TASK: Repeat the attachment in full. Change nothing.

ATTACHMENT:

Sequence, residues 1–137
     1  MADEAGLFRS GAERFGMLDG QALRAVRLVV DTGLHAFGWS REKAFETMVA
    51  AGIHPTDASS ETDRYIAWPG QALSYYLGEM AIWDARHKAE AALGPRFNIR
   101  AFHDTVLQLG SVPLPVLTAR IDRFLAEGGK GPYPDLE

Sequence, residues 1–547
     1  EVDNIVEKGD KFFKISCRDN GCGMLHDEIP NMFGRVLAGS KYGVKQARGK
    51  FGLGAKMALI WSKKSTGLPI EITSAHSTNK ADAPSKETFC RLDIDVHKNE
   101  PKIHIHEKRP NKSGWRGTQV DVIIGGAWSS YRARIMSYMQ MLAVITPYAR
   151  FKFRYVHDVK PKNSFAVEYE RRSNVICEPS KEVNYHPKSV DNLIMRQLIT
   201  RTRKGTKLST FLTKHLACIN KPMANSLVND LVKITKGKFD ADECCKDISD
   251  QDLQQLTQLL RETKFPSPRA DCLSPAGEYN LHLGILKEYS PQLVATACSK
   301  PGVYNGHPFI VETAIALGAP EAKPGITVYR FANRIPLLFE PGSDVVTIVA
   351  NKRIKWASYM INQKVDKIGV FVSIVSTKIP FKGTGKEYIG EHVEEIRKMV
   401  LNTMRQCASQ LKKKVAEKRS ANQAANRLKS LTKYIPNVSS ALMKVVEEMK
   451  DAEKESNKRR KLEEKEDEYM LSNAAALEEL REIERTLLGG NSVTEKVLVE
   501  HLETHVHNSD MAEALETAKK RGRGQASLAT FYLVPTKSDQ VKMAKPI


Sequence, residues 1–137
     1  MADEAGLFRS GAERFGMLDG QALRAVRLVV DTGLHAFGWS REKAFETMVA
    51  AGIHPTDASS ETDRYIAWPG QALSYYLGEM AIWDARHKAE AALGPRFNIR
   101  AFHDTVLQLG SVPLPVLTAR IDRFLAEGGK GPYPDLE

Sequence, residues 1–547
     1  EVDNIVEKGD KFFKISCRDN GCGMLHDEIP NMFGRVLAGS KYGVKQARGK
    51  FGLGAKMALI WSKKSTGLPI EITSAHSTNK ADAPSKETFC RLDIDVHKNE
   101  PKIHIHEKRP NKSGWRGTQV DVIIGGAWSS YRARIMSYMQ MLAVITPYAR
   151  FKFRYVHDVK PKNSFAVEYE RRSNVICEPS KEVNYHPKSV DNLIMRQLIT
   201  RTRKGTKLST FLTKHLACIN KPMANSLVND LVKITKGKFD ADECCKDISD
   251  QDLQQLTQLL RETKFPSPRA DCLSPAGEYN LHLGILKEYS PQLVATACSK
   301  PGVYNGHPFI VETAIALGAP EAKPGITVYR FANRIPLLFE PGSDVVTIVA
   351  NKRIKWASYM INQKVDKIGV FVSIVSTKIP FKGTGKEYIG EHVEEIRKMV
   401  LNTMRQCASQ LKKKVAEKRS ANQAANRLKS LTKYIPNVSS ALMKVVEEMK
   451  DAEKESNKRR KLEEKEDEYM LSNAAALEEL REIERTLLGG NSVTEKVLVE
   501  HLETHVHNSD MAEALETAKK RGRGQASLAT FYLVPTKSDQ VKMAKPI